Theoph. Simoc. Ep. 70. In the last- 
named passage the bridle and whip 
in the one comparison, and the sail 
and anchor in the other, are likened 
to the means taken to direct the 
tongue by speech or by silence. 

In this connection reference may 
be made to a passage in Arist. Quaest. 
mech. 5, wherein the writer speaks 
of the rudder, which is small but has 
such great power that by its little 
helm and by the gentle pressure of 
one man the great bulk of the ship 
can be moved (cf. Lucret. iv. 899). 

5. The tongue is a small member, 
the rudder is a very small part of the 
ship, but as the latter controls the 
whole vessel, so the tongue though 
small can control the whole nature 
of the man. The epithet 'little' 

III. 5, 6] 



tongue also is a little member, and boasteth gi'eat things. 

Behold, ^how much wood is kindled by how small a fire ! 

6 And the tongue is ^a fire : ^the world of iniquity among 

^ Or, how great a forest ^ Or, a fire, that world of iniquity : the tongue 

is among our members that which dc. * Or, that world of iniquity, the tongue, 
is among our members that which d'c. 

refers back to the preceding 'very 
small rudder.' 

boasteth great things; not meant 
to express an empty boast, as the 
whole passage is intended to empha- 
sise the reality of the power pos- 
sessed by the tongue. The tongue 
though 'little' boasteth 'great' things 
— the contrast is again marked. If 
the expression is read as two words 
in the original, as in R.V. and W.H., 
the verb is only found here in the 
N.T. It does not occur at all in the 
Lxx. But as one word it is found 
four times in the lxx, of haughtiness 
of character and bearing; cf. Psalms 
xii. 3, Ixxiii. 8, 9. 

hoto much wood is kindled by 
hoiD small a fire ! R.V. text. This 
rendering, or the marg. how great a 
forest etc., gives a better and clearer 
meaning to the original word than 
'matter,' A.V., for the latter term 
as probably used here by our trans- 
lators must be regarded as archaic. 
Bacon advises to 'take away the 
matter ' of seditions, ' for if there be 
fuell prepared, it is hard to tell 
whence the spark shall come that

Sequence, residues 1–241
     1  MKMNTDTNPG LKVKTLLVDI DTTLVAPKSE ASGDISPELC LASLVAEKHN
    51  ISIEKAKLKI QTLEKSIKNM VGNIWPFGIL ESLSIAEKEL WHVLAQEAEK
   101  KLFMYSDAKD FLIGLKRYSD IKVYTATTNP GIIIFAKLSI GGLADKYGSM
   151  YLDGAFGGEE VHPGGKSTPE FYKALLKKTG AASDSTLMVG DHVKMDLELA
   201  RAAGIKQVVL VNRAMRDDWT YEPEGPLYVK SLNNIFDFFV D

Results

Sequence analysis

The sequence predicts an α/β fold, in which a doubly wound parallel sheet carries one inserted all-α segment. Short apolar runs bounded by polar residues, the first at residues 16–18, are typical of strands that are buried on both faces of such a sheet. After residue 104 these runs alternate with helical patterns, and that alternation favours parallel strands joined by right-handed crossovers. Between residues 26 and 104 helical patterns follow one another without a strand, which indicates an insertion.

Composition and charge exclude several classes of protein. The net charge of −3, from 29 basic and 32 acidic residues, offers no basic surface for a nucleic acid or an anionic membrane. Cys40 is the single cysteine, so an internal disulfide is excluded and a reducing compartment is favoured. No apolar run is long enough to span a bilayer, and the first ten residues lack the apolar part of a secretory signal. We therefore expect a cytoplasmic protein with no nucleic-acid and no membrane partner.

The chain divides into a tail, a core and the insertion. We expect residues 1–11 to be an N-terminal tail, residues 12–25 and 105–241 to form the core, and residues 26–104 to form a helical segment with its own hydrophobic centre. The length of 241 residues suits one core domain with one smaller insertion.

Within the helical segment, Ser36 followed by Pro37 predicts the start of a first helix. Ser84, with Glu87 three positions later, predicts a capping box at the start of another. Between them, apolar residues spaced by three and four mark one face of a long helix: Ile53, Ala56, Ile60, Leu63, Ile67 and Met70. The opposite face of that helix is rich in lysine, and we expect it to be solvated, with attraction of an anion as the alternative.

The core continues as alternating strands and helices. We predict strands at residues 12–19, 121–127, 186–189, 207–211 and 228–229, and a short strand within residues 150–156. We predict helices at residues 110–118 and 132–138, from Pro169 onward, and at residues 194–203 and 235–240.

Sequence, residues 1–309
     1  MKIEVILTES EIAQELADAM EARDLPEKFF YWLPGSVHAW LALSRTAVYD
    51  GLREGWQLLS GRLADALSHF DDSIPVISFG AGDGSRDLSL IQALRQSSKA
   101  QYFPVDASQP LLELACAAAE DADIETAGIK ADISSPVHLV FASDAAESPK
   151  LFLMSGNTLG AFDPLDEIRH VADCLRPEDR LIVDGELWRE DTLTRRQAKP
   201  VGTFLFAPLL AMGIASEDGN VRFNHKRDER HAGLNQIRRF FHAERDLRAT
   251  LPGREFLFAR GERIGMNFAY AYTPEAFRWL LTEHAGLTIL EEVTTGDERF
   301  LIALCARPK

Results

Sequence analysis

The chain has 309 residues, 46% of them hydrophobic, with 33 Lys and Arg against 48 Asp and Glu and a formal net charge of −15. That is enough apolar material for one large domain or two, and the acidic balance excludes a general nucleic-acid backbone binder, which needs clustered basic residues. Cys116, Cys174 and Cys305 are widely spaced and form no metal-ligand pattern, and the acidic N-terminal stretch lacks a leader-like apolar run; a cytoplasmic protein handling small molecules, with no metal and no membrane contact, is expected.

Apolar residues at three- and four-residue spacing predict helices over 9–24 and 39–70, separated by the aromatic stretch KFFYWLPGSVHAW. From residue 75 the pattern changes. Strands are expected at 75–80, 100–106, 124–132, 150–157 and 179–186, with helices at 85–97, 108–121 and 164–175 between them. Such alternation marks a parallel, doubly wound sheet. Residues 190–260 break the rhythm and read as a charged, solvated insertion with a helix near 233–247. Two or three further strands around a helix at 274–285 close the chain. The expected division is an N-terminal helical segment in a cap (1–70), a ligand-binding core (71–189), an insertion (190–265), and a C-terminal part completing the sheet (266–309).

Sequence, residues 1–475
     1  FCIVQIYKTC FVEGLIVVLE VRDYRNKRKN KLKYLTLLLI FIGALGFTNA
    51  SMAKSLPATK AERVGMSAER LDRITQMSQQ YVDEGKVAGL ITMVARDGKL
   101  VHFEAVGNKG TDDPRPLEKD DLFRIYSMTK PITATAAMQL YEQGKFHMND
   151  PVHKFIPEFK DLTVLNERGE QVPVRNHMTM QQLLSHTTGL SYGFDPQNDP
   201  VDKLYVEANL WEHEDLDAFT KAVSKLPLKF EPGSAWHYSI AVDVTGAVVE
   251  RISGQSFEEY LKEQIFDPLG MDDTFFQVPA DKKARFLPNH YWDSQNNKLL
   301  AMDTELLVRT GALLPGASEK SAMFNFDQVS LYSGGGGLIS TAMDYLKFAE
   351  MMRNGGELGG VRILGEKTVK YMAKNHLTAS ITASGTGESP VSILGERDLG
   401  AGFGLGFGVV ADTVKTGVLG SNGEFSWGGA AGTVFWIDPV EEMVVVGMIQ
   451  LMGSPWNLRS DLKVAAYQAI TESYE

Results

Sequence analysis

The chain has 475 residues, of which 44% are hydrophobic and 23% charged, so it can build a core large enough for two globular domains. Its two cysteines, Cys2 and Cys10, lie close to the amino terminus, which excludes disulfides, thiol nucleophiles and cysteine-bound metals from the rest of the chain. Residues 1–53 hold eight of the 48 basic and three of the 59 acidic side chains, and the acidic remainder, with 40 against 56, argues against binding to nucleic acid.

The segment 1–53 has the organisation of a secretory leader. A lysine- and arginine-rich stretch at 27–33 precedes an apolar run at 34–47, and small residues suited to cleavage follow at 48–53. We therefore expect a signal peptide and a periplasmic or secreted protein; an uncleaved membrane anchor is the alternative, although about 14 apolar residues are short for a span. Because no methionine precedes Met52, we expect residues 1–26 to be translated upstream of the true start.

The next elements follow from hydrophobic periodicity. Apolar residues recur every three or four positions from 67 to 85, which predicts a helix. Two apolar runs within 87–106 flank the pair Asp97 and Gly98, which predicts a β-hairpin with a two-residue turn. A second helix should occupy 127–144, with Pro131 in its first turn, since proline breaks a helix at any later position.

shall set it on fire,' Essay 15 (Skeat, 
'Glossary of Bible Words'); in Ec- 
clus. xxviii. 10 the word 'matter' is 
similarly used, 'as the matter (i.e. 
fuel) of the fire is, so it burneth,' 
A. v., although it is of course possible 
that the word may be used to denote 
materials of any kind (cf. the Latin 
materia which primarily = timber). 
The rendering 'matter' is also liable 
to be mistaken for one of the deri- 

vative meanings of the original Greek 
word, viz. the subject-matter of an 
argument or discussion. On the 
whole it seems best to retain the 
primary sense of the original noun 
and to translate it 'forest' with RV. 
marg. The vivid and graphic imagery 
of the fire consuming the forest is 
quite characteristic of St James, and 
it may have been suggested by such 
passages as Psal. Ixxxii. 14 ; Isaiah 
ix. 18, X, 16-18; Zech. xii. 6 (cf 
also Psahns of Sol. xii. 2 ; Apoc. of 
Baruch, xxxvi. 10, xxxvii.). The 
contrast between the smallness of a 
spark and the greatness of the confla- 
gration which it caused was common 
both in Jewish literature (cf its use 
in Philo) and in classical, both Greek 
and Latin : cf. e.g. Phokylides, 144, 
'from a spark a vast wood is set 
on fire.' According to the reading 
adopted both by R.V. and W.H. the 
same word is rendered in this verse 
in two different ways, 'how great,' 
'how small,' but the change in mean- 
ing is determined by the context, 
and, like the Latin word quantus, 
the Greek word may have both mean- 
ings. The Vulg. translates 'how 
great' in each place, but the verb 
'kindles' shows that the smallness 
of the fire in its beginning is referred 
to, and not the greatness of it in its 
ultimate spread. 

6. The two punctuations should 
be carefully noted. If we render 'the 
tongue is a fire, a (that) world of 
iniquity,' so A.V. and R.V. marg., 
the expression 'world of iniquity' 



[III. 6 

may be taken to mean the sum total 
of iniquity. The passage often quoted 
in support of this explanation, Prov. 
xvii. 6, is however of doubtful mean- 
ing, although it is remarkable that 
the expression 'the whole world of 
wealth' is found with the mention 
of sins of speech in the immediate 
context. A clearer parallel may be 
found in the use in Latin of such 
words as mare, oceanus, to express 
the totality of anything. If we adopt 
the punctuation of R.V. and W.H. 
we may render 'the tongue is a fire ; 
the world of iniquity among our mem- 
bers is the tongue,' etc., i.e. among 
our members, in our microcosm, the 
tongue represents, or constitutes, the 
unrighteous world, just as in Luke 
xvi. 9 we have 'the mammon of 
unrighteousness ' = the unrighteous 
mammon ; and the tongue may well 
be called 'a world of iniquity,' be- 
cause it defiles 'the whole body.' 
If the words are thus explained 
there does not seem to be any force 
in the objection that a confusion of 
metaphors is introduced, inasmuch 
as there is no world among our mem- 
bers ! Moreover, this interpretation 
would be quite in accordance vdth 
the language of St James elsewhere. 
He tells us here that the tongue, 
the world of iniquity, 'defiles' the 
whole body ; so in i. 27, ' the world ' 
(the same word in the Greek, cf. iv. 4) 
is represented as that which 'defiles' 
a mau\ 

An attempt has been made, both 
in ancient and modern times, to 
render the word ' world ' by another 

meaning which sometimes attaches 
to it, viz. ornament, embellishment ; 
as if the tongue decked out iniquity 
by its words, and so concealed the 
real grossness of evil. But in the